A member of our church family, Sid Sparks, has written this incredible book that’s available for free online or for a small donation after this week’s 08h00 and 09h30 service.
Here’s how Martin Morrison describes the book:
“We too seldom contemplate the importance of heaven, the next destination for every follower of Jesus. For many years, Sid has read and studied the treasures of the Puritans who were great physicians of the soul. He quotes many of them and it should cause every reader to further read the Puritans, especially those quoted in this booklet. I wholeheartedly recommend this booklet as an antidote to our cynical world and a tonic to our weary souls.”
Here’s a small taste
When I turned 80, my grandchildren wanted to know if I rested on the seventh day of creation, since I must have been around then. The best is they wanted the roots of my tree to grow ever deeper in their hearts.
Increasing age and the fact that I would soon be at the end of my pilgrimage, I determine “to engage with my aging” (J Packer). The wise man of Proverbs tells us, “grey hair is a crown of glory”; and “the beauty of old men is their grey hair” (Prov. 16:31; 20:29). I am glad I am not bald, but then who at my age wants to exchange the harvest for the seed-time, Therefore, I shall not despise my crown. “As for wrinkles—-pshaw! Why shouldn’t we have wrinkles? Honourable insignia of long service in this warfare”. (C. S. Lewis) On the other hand, Heaven is a perfect place, just think what a glorious pollution free, crime free and sin free place it must be. This broken world soon makes us realise that nothing is perfect. Sin, disease and death will unfasten us from this world. “The years of our life are seventy, or even by reason of strength eighty”. (Psalm. 90:10). I am so thankful that God has given me reasonable good health most of my life. I have not yet reached that stage, where everything hurts, what does not hurt does not work. Some tell me I am living with one foot in the grave. Martin Luther says otherwise; we need to “live with one foot in the air,” ready to step into Heaven. I believe we need to prepare ourselves for death so as always to be found, as J Packer says, “packed-up and ready to go.” God will eventually decide when he will call us home. Solomon gives us such a graphic description of our progressive deterioration (Ecclesiastes 12:1-5), or as Shakespeare says, “sans (without) teeth, sans eyes, sans taste, sans everything.” When death comes God unties the marriage knot between body and soul. The body returns to the dust and the spirit to God who gave it. (Eccles.12:7) C. S. Lewis says, “I must keep alive in myself the desire for my true country, which I shall not find till after death; I must never let it get snowed under or turned aside; I must make it the main object of life to press on to that other country and to help others to do the same.”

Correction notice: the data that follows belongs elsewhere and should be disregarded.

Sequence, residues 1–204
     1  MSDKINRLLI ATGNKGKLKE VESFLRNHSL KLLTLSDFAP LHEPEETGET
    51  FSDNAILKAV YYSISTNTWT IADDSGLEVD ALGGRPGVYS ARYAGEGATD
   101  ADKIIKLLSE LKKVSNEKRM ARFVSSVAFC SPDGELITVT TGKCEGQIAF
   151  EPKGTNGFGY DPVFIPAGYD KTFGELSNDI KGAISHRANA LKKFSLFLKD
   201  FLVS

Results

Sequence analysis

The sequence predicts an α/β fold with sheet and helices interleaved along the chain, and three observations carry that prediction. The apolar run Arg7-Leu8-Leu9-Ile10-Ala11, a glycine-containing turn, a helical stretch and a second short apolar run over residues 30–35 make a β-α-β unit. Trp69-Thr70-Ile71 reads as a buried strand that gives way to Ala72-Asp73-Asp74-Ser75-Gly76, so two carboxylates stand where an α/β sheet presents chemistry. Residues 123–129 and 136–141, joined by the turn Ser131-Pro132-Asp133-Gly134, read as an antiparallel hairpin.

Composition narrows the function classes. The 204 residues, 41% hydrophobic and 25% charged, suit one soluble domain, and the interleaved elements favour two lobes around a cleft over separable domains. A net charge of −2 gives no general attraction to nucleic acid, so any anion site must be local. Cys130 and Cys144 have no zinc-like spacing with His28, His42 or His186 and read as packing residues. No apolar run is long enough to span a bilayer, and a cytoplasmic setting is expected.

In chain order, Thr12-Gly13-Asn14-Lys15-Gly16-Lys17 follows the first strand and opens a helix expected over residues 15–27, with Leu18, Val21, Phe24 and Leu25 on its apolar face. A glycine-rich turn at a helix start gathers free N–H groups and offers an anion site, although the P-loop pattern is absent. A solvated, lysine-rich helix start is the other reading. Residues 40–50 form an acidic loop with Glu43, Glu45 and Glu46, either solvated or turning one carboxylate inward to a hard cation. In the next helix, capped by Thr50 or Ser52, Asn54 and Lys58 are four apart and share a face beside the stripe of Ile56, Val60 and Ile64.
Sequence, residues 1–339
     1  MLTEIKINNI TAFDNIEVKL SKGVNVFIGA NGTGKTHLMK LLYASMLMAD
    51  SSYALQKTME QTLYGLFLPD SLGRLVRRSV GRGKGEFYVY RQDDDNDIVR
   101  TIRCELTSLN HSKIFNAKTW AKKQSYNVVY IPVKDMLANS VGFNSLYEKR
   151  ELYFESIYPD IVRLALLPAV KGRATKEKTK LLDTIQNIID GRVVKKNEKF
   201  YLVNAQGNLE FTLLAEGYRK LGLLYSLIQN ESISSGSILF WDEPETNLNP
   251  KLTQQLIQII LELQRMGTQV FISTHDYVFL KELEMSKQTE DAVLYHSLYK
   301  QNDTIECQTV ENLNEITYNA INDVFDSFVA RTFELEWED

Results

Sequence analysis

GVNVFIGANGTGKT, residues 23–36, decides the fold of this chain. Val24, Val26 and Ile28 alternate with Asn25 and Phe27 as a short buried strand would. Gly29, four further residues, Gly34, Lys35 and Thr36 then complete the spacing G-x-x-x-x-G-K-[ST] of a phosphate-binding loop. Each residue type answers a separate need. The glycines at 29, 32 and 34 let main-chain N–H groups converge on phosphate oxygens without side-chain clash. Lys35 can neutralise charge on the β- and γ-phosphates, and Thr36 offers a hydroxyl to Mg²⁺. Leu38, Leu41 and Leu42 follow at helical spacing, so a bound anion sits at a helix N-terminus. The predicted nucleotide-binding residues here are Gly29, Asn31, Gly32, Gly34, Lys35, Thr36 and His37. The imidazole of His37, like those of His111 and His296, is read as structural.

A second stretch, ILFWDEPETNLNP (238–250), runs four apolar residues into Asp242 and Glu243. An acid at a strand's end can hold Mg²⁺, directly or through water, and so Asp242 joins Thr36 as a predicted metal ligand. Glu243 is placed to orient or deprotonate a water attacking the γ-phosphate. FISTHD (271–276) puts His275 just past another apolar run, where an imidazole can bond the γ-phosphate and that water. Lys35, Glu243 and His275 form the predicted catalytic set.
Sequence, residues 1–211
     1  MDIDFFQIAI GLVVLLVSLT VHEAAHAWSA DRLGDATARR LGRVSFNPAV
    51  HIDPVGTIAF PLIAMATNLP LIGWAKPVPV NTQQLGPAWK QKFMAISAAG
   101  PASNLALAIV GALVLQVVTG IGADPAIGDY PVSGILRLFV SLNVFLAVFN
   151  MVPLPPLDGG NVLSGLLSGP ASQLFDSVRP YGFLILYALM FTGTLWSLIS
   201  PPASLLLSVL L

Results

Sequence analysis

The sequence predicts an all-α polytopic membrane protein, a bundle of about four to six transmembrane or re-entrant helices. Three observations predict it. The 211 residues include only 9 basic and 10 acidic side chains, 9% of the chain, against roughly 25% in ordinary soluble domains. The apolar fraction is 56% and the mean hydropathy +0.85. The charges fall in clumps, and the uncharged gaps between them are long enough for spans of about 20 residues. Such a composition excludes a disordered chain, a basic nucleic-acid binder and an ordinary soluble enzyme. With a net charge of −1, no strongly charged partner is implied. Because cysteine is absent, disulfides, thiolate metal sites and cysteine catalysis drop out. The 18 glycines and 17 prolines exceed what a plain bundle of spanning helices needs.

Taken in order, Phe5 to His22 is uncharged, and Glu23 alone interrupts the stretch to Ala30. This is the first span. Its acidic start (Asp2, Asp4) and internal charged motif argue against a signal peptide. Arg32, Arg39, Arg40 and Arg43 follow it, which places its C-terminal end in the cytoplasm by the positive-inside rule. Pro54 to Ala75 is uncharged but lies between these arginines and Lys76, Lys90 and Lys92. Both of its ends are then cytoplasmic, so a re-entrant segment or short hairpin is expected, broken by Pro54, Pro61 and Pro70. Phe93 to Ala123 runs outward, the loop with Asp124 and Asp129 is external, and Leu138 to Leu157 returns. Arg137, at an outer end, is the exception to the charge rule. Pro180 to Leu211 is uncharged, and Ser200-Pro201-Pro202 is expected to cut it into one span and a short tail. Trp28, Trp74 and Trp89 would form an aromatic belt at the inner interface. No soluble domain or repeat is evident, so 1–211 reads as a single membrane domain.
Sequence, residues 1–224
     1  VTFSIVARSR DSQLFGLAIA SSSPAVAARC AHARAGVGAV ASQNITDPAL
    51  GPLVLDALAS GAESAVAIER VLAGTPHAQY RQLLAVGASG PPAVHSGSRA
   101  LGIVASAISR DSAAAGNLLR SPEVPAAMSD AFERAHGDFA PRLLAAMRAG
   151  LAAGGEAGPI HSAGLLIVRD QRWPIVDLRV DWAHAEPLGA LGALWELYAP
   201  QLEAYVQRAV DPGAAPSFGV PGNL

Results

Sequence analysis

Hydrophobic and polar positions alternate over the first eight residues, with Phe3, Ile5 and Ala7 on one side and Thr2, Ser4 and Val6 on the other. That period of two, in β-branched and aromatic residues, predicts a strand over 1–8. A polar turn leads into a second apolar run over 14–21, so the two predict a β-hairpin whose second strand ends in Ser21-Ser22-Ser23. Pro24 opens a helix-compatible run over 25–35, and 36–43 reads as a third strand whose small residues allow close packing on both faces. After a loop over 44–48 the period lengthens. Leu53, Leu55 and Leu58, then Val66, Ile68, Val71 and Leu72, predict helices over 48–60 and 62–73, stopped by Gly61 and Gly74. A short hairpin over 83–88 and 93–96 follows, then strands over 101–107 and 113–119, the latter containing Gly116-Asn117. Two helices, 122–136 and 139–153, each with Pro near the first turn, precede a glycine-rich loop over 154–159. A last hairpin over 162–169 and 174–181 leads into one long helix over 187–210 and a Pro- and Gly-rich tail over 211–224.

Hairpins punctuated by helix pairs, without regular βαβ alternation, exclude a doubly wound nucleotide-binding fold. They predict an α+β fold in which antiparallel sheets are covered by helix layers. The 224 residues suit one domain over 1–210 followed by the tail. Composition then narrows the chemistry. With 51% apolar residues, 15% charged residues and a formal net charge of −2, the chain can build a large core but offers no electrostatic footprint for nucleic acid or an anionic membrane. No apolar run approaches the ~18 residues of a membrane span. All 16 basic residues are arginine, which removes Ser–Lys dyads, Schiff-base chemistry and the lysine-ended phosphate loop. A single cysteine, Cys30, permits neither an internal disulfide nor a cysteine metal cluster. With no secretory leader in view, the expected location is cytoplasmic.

So, since I do not know the day of my death, let me say what I want to before I am unable to. Would it not be important to find out all we can that God says about our new home. After all, is that not what most people do when emigrating? We also need to prepare ourselves for this journey. A tombstone in a cemetery had the following epitaph.
Pause, stranger, when you pass me by
As you are now, so once was I.
As I am now, so you will be.
So, prepare for death and follow me.
Someone passing by scratched these additional words below.
To follow you I’m not content,
Until I know which way you went.